In her new book BLACK EDGE best selling author Sheelah Kolhatkar takes readers inside the government’s aggressive pursuit of Steven Cohen and the employees of his company SAC Capital, and raises urgent and troubling questions about the power and wealth of those who sit at the pinnacle
This week Al speaks with Boston based author and historian Susan Quinn about her best selling new book: Eleanor and Hick, the revealing story of Eleanor Roosevelt and Lorena Hickok. This intimate relationship was both unusual and riveting.
At the end of his second term, George Washington surprised Americans by publishing his Farewell message in a newspaper.
In 2014, James Hamblin launched a series of videos for The Atlantic called “If Our Bodies Could Talk.” With it, the doctor-turned-journalist established himself as a seriously entertaining authority in the field of health.
Civilianized is a new memoir by young Iraq war veteran, Michael Anthony who is from Massachusetts. This book is not only important (it tackles issues of Veteran suicide, PTSD, drug abuse, and alcoholism) but it is a poignant, sometimes funny, and a great read.
In his new book "War Against War" best selling author and historian Michael Kazin tells the story of Americans who tried to stop their nation from fighting in one of history’s most destructive wars and then were hounded by the government when they refused to back
NY Times best-selling author Jeanne Marie Laskas author of HIDDEN AMERICA, the people who make this country work will be Al's guest this Sunday evening at 10:30.
In her new book EIGHT FLAVORS, food historian, Sarah Lohman sets out on a journey through history to uncover the eight flavors that have come to define the ever-changing palate of American cuisine: black pepper, vanilla, chili powder, curry powder, soy sauce, garlic, MSG, and Sriracha.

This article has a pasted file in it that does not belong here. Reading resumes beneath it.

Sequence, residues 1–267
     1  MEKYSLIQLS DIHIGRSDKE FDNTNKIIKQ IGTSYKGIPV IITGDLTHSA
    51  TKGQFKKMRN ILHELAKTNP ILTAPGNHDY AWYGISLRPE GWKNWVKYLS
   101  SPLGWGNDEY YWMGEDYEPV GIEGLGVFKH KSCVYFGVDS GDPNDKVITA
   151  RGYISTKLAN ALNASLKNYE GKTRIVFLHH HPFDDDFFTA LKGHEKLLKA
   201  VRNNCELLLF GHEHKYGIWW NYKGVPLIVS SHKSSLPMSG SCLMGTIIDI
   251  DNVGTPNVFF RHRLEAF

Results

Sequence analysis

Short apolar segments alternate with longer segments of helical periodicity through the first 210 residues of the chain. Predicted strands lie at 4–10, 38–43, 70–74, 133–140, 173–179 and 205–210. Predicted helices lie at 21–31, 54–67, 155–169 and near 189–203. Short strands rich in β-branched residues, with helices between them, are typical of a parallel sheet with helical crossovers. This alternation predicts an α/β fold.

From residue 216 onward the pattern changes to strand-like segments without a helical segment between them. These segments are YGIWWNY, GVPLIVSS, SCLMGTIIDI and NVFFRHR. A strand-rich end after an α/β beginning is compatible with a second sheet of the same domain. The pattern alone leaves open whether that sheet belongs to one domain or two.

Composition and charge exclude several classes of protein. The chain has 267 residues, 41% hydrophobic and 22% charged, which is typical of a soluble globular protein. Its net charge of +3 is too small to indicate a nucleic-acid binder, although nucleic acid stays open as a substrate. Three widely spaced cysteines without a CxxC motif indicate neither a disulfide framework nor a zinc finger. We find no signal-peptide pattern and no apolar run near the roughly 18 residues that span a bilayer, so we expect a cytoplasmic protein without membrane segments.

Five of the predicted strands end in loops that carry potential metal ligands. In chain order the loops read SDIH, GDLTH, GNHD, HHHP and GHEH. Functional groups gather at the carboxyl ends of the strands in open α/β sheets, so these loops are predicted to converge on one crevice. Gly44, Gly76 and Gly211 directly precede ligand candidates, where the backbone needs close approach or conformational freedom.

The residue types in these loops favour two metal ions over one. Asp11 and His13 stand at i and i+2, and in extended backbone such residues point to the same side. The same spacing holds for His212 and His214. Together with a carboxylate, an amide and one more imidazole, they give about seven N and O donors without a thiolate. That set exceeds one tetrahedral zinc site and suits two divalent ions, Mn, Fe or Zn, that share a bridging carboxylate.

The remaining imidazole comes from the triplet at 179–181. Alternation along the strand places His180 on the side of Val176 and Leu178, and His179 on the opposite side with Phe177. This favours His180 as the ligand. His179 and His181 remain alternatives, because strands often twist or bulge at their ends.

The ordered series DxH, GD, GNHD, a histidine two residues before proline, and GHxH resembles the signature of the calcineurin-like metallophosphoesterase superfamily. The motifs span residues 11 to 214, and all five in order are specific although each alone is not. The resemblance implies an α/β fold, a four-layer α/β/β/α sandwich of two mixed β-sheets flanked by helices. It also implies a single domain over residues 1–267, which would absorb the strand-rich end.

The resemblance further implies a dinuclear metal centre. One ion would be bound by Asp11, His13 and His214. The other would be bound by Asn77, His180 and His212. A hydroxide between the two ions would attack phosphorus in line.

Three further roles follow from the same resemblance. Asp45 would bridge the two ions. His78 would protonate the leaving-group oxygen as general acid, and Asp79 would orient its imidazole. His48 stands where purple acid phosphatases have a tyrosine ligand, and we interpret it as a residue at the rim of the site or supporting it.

Over the past decade or so a mysterious phenomenon has begun to wreak havoc on once-healthy bee colonies. According to experts this is having a major impact on our agricultural industry which to a large extent depends of bees for pollination.
In 1906, from atop a snow-swept hill in the ice fields northwest of Greenland, hundreds of miles from another human being, Commander Robert E. Peary spotted a line of mysterious peaks looming in the distance.
Recently the Obama administration announced it will exclude the Arctic Ocean from oil and gas leasing for the next five years. Is this a win for the environment or another political overture?
Former Senate Majority Leader George J. Mitchell was the primary architect of the 1998 Good Friday Agreement for peace in Northern Ireland, the ups and downs of which he addressed in his 2015 memoir The Negotiator. A little more than a decade later, Mitchell served as U.S.
The FBI has a lack of women in leadership roles within the Bureau. Is this just the latest in a string of controversial issues facing the bureau?
In his new book PEARL HARBOR, best selling author Craig Nelson provides a comprehensive and dramatic retelling of the attack on Pearl Harbor from both the American and Japanese perspectives. From journal and diary entries by FDR, U.S.
Boston is world famous for medical care with thousands of people flying into the state for medical attention, but did you know that Boston is also a hotspot for plastic surgery? When people think of traveling for plastic surgery, they typically think of Beverly Hills, NYC, and Korea, howeve
Ike’s Gamble is a finely researched, unconventional account of America’s role in the Suez Crisis.
As inequality grabs headlines, steals the show in presidential debates, and drives deep divides between the haves and have nots in America, class war brews.
In True Believer: Stalin’s Last American Spy award-winning journalist and best-selling author Kati Marton tells Noel Field’s full story for the first time. Field, once a well-meaning and privileged American, spied for Stalin during the 1930s and ’40s.
As the crack epidemic swept across inner-city America in the early 1980s, the streets of Baltimore were crime ridden. For poor kids from the housing projects, the future looked bleak.
Forsyth County, Georgia, at the turn of the twentieth century was home to a large African American community that included ministers and teachers, farmers and field hands, tradesmen, servants, and children.
Amazon will donate 0.5% of the price of your eligible AmazonSmile purchases to WICN whenever you shop on AmazonSmile!
Click HERE to shop now.
Underwriter of the Week
The Hanover Theatre
Fostering a love and appreciation for the performing arts in audiences of today and tomorrow, making a difference in the community and revitalizing downtown Worcester.
The Hanover Theatre
2 Southbridge Street
Worcester, MA 01608-2014